Deliverables 04 (Due 9/30)

This set of Deliverables is due on Friday, 9/30 at the beginning of class. The primary open-ended project is the Line Plotter Composition; you’ll need to arrange a time to plot your drawing in the STUDIO for Creative Inquiry during the week. 

This set of deliverables has three components. These are Due 9/30.

  1. Response to Clock Feedback.
  2. Looking Outwards: Interactive Art
  3. Composition for a Line Plotter

1. Response to Clock Feedback.

In a blog post, please write a brief response (of 50-100 words; just a few sentences) responding to the feedback you received on your clock project. What’s your takeaway?

  • Title your post, nickname-Clock-Feedback.
  • Categorize your post, ResponseToClockFeedback.

2. Looking Outwards #04: Interactive Art

From blogs and any other sources, identify and discuss a project which presents a specific form of interactivity or real-time processing that you find interesting. Try to identify forms of interaction that beyond solo screen experiences (though those are OK too).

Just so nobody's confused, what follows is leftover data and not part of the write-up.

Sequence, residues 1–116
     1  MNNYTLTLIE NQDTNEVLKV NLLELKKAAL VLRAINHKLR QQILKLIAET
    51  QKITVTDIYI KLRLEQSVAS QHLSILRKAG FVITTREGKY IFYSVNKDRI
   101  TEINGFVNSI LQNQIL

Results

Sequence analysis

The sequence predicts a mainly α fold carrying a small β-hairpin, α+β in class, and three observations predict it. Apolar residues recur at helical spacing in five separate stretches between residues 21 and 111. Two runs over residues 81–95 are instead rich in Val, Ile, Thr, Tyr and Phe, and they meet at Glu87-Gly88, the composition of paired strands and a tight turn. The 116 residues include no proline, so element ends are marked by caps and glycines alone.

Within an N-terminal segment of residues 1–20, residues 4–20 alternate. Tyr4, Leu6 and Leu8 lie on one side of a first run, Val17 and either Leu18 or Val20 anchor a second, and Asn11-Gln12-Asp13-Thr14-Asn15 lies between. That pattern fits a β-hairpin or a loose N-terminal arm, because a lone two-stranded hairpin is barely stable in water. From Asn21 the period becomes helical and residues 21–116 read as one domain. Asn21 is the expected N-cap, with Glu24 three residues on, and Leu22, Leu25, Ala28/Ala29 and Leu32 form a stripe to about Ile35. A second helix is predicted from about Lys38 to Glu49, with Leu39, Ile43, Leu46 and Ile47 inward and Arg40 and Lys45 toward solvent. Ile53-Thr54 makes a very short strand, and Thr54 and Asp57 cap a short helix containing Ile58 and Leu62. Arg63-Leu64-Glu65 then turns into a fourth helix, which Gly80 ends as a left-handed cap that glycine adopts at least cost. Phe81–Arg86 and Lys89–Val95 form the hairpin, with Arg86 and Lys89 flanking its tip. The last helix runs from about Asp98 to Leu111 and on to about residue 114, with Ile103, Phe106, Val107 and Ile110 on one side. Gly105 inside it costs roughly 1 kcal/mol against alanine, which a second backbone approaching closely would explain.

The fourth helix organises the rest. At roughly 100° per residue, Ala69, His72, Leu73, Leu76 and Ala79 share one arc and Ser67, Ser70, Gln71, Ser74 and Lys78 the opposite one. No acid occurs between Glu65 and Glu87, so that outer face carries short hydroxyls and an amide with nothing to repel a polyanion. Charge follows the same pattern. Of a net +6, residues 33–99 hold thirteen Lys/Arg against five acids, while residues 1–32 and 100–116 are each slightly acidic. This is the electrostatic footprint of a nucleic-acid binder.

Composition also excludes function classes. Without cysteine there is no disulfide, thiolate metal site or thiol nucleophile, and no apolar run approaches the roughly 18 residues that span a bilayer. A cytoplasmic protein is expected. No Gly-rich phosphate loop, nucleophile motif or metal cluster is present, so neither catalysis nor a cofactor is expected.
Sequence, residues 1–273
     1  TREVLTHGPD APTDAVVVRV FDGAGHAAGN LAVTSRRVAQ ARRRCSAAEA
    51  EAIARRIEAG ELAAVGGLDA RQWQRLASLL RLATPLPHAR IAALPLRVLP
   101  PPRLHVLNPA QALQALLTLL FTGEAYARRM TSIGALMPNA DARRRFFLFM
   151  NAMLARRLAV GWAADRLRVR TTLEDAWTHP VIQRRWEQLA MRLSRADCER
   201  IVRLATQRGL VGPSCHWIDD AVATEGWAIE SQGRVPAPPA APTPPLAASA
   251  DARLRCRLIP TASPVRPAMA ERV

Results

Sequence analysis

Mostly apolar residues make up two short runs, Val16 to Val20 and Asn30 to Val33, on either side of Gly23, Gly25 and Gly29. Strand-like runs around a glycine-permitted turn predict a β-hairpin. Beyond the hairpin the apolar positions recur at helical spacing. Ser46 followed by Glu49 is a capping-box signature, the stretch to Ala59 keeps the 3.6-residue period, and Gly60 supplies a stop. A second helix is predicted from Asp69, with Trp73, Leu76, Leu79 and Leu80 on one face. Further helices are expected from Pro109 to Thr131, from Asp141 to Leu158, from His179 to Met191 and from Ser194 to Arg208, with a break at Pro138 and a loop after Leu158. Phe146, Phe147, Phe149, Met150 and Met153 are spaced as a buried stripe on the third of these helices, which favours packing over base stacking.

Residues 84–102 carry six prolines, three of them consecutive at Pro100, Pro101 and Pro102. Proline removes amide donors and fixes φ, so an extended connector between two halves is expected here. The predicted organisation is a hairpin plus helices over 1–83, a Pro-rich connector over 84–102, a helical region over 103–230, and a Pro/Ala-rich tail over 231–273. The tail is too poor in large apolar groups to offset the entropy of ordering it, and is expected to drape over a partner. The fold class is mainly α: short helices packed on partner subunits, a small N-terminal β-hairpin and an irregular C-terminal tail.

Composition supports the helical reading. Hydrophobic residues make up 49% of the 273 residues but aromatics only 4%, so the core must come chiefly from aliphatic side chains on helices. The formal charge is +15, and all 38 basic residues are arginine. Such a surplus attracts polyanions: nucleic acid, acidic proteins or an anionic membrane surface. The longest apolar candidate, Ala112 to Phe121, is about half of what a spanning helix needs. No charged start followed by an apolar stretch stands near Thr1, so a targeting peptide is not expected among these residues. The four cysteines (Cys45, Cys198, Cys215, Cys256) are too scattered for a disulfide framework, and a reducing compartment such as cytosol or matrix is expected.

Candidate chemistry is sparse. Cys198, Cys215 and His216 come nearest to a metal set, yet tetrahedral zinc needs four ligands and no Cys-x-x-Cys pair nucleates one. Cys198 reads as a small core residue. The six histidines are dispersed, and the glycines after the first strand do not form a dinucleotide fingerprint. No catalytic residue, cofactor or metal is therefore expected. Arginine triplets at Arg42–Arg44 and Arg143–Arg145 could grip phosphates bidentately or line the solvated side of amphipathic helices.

• Title your blog post nickname-LookingOutwards04.
  • Categorize your blog post LookingOutwards04.

Some places to look: 

Here are some artists to consider:

Allison Burtch, critical new-media practitioner and educator
Andrea Polli, sound/interative media artist
Béatrice Lartigue, interactive artworks and interventions
Camille Utterback, interactive artworks and permanent public installations
Caroline Record, sound + new media installation/performance artist
Christine Sugrue, artist of poetic interactive new-media installations
Danny Rozin, creator of interactive mirrors
David Rokeby, pioneer of audiovisual interactive art
Eva Schindling, installations, sculpture and performance
Heather Kelley, indie game developer and educator
Karolina Sobecka, artist/developer of interactive media installations
Katherine Bennett, educator and new media artist